Alternate names: Temple of Concord , Aedes Concordiae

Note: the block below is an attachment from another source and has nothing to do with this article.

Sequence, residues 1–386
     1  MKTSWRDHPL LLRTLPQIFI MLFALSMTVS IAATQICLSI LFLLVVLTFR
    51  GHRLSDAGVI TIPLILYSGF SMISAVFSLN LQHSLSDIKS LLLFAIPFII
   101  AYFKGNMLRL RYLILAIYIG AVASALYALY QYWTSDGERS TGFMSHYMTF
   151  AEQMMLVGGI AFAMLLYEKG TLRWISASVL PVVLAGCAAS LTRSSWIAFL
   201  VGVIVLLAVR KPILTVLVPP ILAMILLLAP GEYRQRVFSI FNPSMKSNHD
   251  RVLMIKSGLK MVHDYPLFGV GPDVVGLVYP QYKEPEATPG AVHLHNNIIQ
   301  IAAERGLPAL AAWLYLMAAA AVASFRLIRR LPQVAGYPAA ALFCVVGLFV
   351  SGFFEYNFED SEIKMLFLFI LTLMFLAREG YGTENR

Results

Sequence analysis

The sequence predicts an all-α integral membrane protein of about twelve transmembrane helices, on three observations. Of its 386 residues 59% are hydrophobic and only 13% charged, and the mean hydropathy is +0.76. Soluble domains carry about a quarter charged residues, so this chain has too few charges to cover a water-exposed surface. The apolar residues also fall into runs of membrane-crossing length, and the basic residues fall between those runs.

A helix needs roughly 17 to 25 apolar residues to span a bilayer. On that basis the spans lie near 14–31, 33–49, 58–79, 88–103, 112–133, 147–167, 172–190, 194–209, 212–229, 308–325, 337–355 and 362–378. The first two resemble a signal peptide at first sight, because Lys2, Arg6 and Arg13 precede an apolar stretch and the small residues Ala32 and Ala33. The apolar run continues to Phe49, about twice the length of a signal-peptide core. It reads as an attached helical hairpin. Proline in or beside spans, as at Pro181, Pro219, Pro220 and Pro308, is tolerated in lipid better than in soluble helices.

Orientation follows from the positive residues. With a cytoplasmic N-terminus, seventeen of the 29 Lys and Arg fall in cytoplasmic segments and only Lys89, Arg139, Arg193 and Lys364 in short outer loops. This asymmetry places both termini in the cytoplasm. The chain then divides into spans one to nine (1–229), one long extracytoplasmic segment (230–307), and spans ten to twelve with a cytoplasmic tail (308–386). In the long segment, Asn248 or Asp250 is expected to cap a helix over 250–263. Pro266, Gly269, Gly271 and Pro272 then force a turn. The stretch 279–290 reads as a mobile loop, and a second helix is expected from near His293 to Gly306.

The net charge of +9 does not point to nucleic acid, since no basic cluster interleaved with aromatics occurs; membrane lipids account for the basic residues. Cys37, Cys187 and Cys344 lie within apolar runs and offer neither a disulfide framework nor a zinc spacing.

This great temple dedicated to the goddess Concordia was located on the northwest side of the Forum. Very little survives in situ but enough evidence remains to allow a general sketch of the history and design of building on the site. A temple to the goddess was vowed by Camillus in 367 BC on the occasion of the Licinian-Sextian laws expanding the civil rights of the plebs. At first, only an altar seems to have been built. Explorations on the site have established that the first temple was constructed in 121 BC by L. Opimius, who, as consul, used the senatus consultum ultimum as a license to kill C. Gracchus. The temple was often used as a meeting place of the Senate. Tiberius restored and enlarged the building between 7 BC and 10 AD, dedicating it in his name and that of his deceased brother, Drusus (cf. the Temple of Castor and Pollux). In this form, the building survived until late antiquity. Its design was unusual in having its facade on the long side. The dimensions of the building were 45 meters long x 23 meters wide. It was hexastyle in the Corinthian order; the cella was set on a high podium. The threshold of the cella survives and is made of Porta Santa marble. The superstructure was constructed of white marble. Also surviving is an impressive piece of the entablature, which is elaborately cut. Coins illustrate the facade, showing a riot of statuary. We know that the temple housed many works of art, leading some scholars to call it a "temple-museum." Ancient authors mention statues here of Vesta, Apollo and Juno, Latona and her children, Aesculapius and Hygieia, Mars and Mercury, Ceres, Jupiter, and Minerva. The temple survived intact at least until the beginning of the fifth century AD.